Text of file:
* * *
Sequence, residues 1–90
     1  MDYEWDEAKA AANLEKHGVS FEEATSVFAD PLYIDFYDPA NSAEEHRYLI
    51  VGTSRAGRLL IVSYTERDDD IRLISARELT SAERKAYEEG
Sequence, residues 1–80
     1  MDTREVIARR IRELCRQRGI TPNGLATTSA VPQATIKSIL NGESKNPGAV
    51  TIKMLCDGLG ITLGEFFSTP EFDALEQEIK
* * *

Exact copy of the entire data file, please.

Sequence, residues 1–90
     1  MDYEWDEAKA AANLEKHGVS FEEATSVFAD PLYIDFYDPA NSAEEHRYLI
    51  VGTSRAGRLL IVSYTERDDD IRLISARELT SAERKAYEEG
Sequence, residues 1–80
     1  MDTREVIARR IRELCRQRGI TPNGLATTSA VPQATIKSIL NGESKNPGAV
    51  TIKMLCDGLG ITLGEFFSTP EFDALEQEIK